Mr. Covington, who was based in Miami, Florida at the time, was an official employed in the UK Foreign and Commonwealth Office. The appearance that he was to provide “guidance” in the investigation appears to conflict with a statement former Governor Jack made to the Caymanian Compass in September 2008.
“Neither I, nor anyone in London, instructs [Mr. Bridger’s investigation team] how to conduct their investigations or what conclusions they should reach,” Mr. Jack wrote.
An email from Mr. Covington to a staff member in former Governor Jack’s office on Sept. 5, 2007 states that: “Stuart [Kernohan] and I have discussed this at length and have mutually concurred, and at Stuart’s request, that I represent him in joint oversight of the investigation with Assistant Commissioner John Yates [or his representative] from the Metropolitan Police Service.”
Mr. Covington was eventually taken out of that role.
“Mr. Bridger indicated that as the operation moved forward, Mr. Covington was removed from an oversight position and replaced by the governor, who acted in concert with Assistant Commissioner Yates,” Mr. Justice Williams ruling of last week indicated.
The Cayman Islands attorney general’s chambers obtained a separate affidavit from Mr. Yates in October 2012, more than four years later, in which he states that: “The immediate line of management [for Operation Tempura] was to the Senior Investigating Officer [Mr. Bridger], who, through the strategic oversight group reported and was responsible to the commissioner of the RCIPS.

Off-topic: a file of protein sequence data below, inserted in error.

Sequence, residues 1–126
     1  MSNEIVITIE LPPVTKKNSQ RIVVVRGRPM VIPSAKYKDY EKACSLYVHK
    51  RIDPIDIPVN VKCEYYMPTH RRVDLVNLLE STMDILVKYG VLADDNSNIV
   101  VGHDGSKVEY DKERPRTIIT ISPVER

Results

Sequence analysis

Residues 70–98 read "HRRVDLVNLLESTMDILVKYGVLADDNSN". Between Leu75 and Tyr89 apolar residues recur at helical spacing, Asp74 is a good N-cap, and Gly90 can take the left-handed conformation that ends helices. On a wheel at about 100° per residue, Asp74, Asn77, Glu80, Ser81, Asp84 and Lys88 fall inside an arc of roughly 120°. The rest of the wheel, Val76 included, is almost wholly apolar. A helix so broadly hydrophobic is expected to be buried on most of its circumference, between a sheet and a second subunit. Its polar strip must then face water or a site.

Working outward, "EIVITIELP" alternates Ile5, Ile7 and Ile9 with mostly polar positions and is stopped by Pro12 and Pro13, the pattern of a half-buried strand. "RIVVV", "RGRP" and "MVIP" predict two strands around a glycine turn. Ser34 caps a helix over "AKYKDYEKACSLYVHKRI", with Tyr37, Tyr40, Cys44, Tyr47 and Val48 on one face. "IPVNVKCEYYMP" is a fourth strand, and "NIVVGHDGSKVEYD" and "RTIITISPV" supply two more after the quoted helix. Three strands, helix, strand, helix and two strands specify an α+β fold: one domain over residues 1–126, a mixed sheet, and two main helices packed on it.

“The commissioner of the RCIPS was responsible and accountable in law for the overall management and outcome of the investigation.”
The strategic oversight group consisted of a number of members, including Mr. Bridger, the acting commissioner of the RCIPS, former Cayman Islands Chief Secretary George McCarthy, among others.
Yet none of the police officers who gave affidavits recorded in Justice Williams’s ruling indicated they believed that RCIPS was even involved in the Tempura investigation.
Inspector Richard Coy, Mr. Bridger’s second-in-command during most of Operation Tempura, stated, “the team was independent from the RCIPS.”
“He received instructions and advice from the independent team, but never from senior members of the RCIPS,” the court ruling notes.
Ronald Kemp, a retired UK Met officer who worked on Tempura, also indicated that it was his belief that the investigation was of an independent nature.
Timothy Thorne, who participated as a forensic computer examiner indicated, “Assistant Commissioner John Yates had authorised his involvement” in Operation Tempura.
“He stated that … at no time did he take any instruction from the RCIPS,” the judgment stated.
The Cayman Islands attorney general’s chambers, in submissions to the court, state, “from the outset, the Operation Tempura officers reported to the strategic oversight group.
“All but one of the strategic oversight group meetings were chaired by either Acting [Police] Commissioner David George or Acting [Police] Commissioner Jim Smith,” the attorney general’s chambers contended.